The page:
often used topology in LNA applications for achieving high
gain at RF frequencies. The loads of the topologies can be
made by using resistor for broadband applications or by
using tuned resonators for narrow-band applications. The
decision procedure of choosing input-matching network is
similar to load choice procedure. An LNA with resistive
input-matching has high noise figures due to the resistances
in the input of the circuit, generally not preferred for lownoise applications. This problem can be solved by using
inductors for simultaneous input and noise matching. In this
work, our topology of choice is emitter-degenerated
cascodeas detailed in the next subsections.

A. Topology of the Circuit and Detailed Description

Figure 1 illustrates the schematic of a cascode-connected,
common-emitter LNA with inductive emitter degeneration.

Figure 2: NFmin versus Ic curve for npn232 transistor

Figure 1: Cascode LNA circuit

The cascode amplifier has the advantage of having high
gain, low noise and stability, provided by large isolation.
The transistor Q1 provides the gain of the amplifier and
must be chosen out of the technology library carefully. The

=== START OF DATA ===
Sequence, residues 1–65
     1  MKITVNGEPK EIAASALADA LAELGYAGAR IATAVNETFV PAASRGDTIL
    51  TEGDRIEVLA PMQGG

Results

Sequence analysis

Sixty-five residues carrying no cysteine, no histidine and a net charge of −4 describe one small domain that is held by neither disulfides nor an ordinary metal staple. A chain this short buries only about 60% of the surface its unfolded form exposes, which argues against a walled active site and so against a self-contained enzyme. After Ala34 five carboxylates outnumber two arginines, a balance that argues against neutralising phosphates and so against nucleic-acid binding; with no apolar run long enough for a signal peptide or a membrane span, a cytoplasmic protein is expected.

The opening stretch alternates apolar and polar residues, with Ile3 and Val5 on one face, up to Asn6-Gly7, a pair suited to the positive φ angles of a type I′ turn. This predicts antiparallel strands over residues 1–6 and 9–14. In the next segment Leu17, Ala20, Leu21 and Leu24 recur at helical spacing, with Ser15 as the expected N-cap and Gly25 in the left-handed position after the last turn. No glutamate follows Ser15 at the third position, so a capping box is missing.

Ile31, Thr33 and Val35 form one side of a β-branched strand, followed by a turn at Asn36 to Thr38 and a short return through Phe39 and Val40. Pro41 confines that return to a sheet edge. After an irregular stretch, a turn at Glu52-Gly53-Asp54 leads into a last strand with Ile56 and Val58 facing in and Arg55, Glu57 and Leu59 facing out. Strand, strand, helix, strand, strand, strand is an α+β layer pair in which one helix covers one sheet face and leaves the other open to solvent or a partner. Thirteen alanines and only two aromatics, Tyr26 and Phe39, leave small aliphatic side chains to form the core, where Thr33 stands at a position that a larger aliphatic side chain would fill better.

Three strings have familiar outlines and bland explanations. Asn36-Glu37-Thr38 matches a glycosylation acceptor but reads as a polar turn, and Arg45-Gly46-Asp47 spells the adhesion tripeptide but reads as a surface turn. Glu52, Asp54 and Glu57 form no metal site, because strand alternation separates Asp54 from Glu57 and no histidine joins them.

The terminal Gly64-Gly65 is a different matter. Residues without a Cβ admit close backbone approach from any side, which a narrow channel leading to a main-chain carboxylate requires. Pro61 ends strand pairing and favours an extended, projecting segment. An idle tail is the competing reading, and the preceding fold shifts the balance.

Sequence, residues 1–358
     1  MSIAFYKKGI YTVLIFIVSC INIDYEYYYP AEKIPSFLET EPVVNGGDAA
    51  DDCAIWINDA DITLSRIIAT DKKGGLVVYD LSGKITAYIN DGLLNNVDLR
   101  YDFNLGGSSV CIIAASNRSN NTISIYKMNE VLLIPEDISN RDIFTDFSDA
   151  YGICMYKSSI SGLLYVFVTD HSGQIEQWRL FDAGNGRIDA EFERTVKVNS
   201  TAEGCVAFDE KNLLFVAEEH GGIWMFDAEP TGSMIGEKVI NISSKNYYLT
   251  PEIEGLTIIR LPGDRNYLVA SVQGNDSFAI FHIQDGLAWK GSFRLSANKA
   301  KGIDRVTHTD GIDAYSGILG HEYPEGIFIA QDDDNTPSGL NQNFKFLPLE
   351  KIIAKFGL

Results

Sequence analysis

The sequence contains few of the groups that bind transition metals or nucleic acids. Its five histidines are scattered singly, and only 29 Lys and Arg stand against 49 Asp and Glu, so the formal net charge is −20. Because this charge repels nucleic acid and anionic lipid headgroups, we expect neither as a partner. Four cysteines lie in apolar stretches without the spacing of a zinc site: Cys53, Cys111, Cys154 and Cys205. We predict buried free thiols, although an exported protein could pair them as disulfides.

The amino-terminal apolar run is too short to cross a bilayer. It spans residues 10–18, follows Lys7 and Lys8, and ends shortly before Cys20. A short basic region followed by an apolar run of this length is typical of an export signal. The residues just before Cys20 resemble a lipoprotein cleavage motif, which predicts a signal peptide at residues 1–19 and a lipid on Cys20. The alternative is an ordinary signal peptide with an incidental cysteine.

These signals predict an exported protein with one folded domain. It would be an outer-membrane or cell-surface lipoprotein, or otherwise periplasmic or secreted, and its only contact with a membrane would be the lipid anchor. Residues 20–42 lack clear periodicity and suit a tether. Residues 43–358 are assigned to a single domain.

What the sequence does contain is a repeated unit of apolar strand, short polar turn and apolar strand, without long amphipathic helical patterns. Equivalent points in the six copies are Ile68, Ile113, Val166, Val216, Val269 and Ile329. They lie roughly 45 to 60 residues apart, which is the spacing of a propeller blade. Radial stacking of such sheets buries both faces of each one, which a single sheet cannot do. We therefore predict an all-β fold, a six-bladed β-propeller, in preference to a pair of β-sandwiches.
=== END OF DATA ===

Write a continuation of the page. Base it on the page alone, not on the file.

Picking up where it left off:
typical application for achieving large area transistors is
connecting them in parallel. The transistor Q2 is a commonbase amplifier and provides the reverse isolation by
reducing the Miller capacitance between its input and
output. The inductor Ld is used for biasing, loading and
output matching purposes. Ld must be chosen as large
enough to block the flow of ac signal to Vdd and also to
increase the load of the circuit while keeping in mind that
Ld is also a part of output matching circuit. Co1 is used for
both loading and matching the output of the circuit. Also it
is used for dc blocking of output of the circuit. The Ccp
capacitor at the input is used for the purposes of both dcblocking and input-matching. Lg and degeneration
inductance Le are used to provide both the power and noise
matching. In the frequency range of 5 GHz, typical values
for Le is about 200-500 pH. These are the values that the
technology libraries dont have so these inductors should be
designed by the designer.